17. A container according to claim 1 having means for introducing a fluid medium into at least one of the surface filter layers.
18. A container according to claim 1 having means for withdrawing a fluid medium from at least one of the surface filter layers.
The present invention relates to a process for the treatment of stockpile material, a special container for stockpile material, in particular for carrying out this process, as well as a special releasable roof with feeder belt and circular conveyor, also for stockpile material containers.
Unprotected stockpiles constitute an essential enviromental hazard and it has long been known that stockpiles ought to be sealingly enclosed and underpinned for the protection of surface and ground water, although this was frequently neglected up to now.
It was futher found that stockpile material of different orgins should not be stored indiscriminately, but instead separately, as many uncontrollable reactions might occur between the different fractions over extended storage periods. It is a well-known fact that this is hard to do and that the facilities therefor are seldom available.
The ultimate aim in each case is to obtain a stable state of the stockpile material in which it undergoes no further changes, and experience has shown that with mixted stockpile material, this state is not even reached after several decades, so that a control of the leakage water and disposal thereof would be necessary over these extended storage periods, but is not provided in many cases.
According to the invention, it is proposed not to leave the stockpile material bodies to themselves, but instead to actively influence the stockpile material so as to transform it to the intended stable state.
There have been many different attempts at the treatment of matter such as stored waste materials.
So, for instance, AT-PS No. 372 308 describes a process for the disposal of oily waste matter immiscible with water by adsorption on a solid substance (such as, for instance, powdered lime) and agitation with a liquid, environment-polluting waste material to form an aqueous sludge which then solidifies into a solid rock after the addition of cement.
A similar solidification by the addition of cement is described in EP-A No. 0 104 773 for liquid and semi-liquid organic waste material, for instance, activated sludge and primary sludge from sewage treatment plants. The solid product thus obtained is stored open as stockpile material or in ground for used as a fertilizer.
Processes for leaching soil formations to remove contaminants have also been proposed. So, for instance, EP-A 0 185 831 describes a continuous process wherein the soil is sludged with flushing water and thus extracted; the sludge withdraws in situ and the pollutant-carrying rinsing water is passed to a water treatment plant.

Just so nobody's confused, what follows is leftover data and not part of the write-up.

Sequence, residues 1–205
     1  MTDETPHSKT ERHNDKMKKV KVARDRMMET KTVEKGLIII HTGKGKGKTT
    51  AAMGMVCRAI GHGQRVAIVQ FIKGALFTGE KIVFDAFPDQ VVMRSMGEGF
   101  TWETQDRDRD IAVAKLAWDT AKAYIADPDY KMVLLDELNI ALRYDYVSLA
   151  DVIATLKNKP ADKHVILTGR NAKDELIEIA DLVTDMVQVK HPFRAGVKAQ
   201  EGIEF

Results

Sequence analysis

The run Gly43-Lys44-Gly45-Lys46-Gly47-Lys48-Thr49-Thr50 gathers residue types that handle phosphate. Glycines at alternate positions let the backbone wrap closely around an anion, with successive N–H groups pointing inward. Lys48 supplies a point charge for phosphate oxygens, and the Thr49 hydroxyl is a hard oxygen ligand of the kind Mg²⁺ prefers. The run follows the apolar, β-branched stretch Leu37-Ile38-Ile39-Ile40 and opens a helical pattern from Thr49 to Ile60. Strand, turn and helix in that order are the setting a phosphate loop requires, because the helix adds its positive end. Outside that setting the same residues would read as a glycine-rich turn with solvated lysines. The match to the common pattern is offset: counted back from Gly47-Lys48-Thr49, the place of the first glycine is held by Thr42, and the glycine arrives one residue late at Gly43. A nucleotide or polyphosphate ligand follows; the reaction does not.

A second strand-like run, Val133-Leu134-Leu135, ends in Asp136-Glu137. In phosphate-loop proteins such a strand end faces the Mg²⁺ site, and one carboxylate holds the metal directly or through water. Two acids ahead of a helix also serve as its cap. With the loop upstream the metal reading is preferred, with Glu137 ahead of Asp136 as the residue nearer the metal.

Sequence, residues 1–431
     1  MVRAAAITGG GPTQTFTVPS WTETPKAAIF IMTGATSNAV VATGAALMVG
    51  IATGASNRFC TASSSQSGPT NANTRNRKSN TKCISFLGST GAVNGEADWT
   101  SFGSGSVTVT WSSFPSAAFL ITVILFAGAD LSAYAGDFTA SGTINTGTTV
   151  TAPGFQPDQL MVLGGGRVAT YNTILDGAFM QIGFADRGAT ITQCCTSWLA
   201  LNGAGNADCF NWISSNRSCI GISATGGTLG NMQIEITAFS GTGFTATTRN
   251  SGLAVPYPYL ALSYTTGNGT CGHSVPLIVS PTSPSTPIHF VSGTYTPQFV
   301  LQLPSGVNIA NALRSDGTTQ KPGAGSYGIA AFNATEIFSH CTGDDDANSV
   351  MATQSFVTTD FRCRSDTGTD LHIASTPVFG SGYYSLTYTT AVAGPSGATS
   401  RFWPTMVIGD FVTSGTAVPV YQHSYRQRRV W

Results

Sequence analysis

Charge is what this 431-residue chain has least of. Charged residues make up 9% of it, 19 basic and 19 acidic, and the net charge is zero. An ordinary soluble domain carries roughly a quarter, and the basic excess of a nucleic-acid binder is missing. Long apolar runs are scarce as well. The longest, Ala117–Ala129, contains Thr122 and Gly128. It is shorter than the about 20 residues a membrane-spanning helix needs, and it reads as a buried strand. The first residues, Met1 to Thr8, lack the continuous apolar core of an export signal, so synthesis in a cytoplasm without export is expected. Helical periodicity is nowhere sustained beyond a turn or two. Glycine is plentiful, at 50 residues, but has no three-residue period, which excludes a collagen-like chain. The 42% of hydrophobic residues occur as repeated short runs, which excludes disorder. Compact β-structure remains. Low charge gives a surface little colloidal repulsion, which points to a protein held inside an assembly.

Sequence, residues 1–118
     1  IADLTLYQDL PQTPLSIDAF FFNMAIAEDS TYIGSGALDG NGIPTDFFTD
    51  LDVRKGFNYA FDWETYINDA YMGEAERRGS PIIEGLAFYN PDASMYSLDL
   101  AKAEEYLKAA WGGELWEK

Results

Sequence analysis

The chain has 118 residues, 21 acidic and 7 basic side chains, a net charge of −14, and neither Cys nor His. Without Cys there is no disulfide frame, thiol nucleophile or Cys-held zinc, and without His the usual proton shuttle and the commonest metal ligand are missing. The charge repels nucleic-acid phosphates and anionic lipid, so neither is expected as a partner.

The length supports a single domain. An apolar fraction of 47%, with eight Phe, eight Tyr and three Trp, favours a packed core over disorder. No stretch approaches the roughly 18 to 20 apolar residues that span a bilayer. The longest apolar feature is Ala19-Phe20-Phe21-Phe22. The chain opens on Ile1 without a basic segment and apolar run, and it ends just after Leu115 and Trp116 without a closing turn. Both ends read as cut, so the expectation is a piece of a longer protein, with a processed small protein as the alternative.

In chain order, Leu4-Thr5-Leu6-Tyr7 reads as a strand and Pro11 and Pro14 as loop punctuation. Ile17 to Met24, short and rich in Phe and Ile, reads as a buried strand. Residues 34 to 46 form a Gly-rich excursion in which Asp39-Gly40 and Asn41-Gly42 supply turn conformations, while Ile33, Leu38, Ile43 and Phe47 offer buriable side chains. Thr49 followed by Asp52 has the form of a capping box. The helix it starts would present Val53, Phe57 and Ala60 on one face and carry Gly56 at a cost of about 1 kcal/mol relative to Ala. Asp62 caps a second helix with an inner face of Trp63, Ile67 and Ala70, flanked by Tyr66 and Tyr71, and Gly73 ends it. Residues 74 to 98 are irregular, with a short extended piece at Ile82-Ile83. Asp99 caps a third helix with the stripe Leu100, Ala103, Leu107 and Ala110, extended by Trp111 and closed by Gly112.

The extraction of soil formations in situ is described in EP-A No. 0 059 020 and EP-A No. 0 515 768. According to EP-A No. 0 059 020, the contaminated layer of soil is encircled by sealing walls driven down to a liquid-sealing layer of soil, and soil lances supplying flushing liquid are driven down to the desired depth in the encircled space. The soil lances are either pressure lances, with the liquid supplied flushing the contaminated areas from underneath, and the flushing liquid charged with contaminants being removed from the ground surface; or they are suction lances supplying the flushing liquid to the soil surface and sucking it off from undereath the contaminated soil area after it has penetrated the soil. EP-A No. 0 155 768 describes a similar process wherein a combined system of pressure lances and suction lances is introduced into a laterally encircled and underpinned soil area so that the flushing of the soil is effected in an essentially horizontal direction. The flushing liquid sucked off is purified and recycled.
EP-A No. 0 181 211 relates to the treatment of a subterranean contaminated soil formation in situ wherein an aqueous treatment medium is introduced, but does not have a flushing function becasue it is not sucked off, but inslead is left in situ. The treatment liquid is an aqueous solution with a content of hydrogen peroxide or hydrogen peroxide-forming substances (sodium perborate, sodium percarbonate and the like) and a hydratizable polymer which increases the vicosity of the treatment solution to such an extent that diffusion beyond the local treatment area is prevented.
According to the invention, it is proposed to carry out the treatment of stockpile material by means of liquids and/or gases in a stockpile material body which is at least essentially sealed off on all sides. This results in a closed system wherein there is no outside interference with the processes in the stockpile material on the one hand, and no loss to the outside and no influencing of the environment by these processes, on the other hand.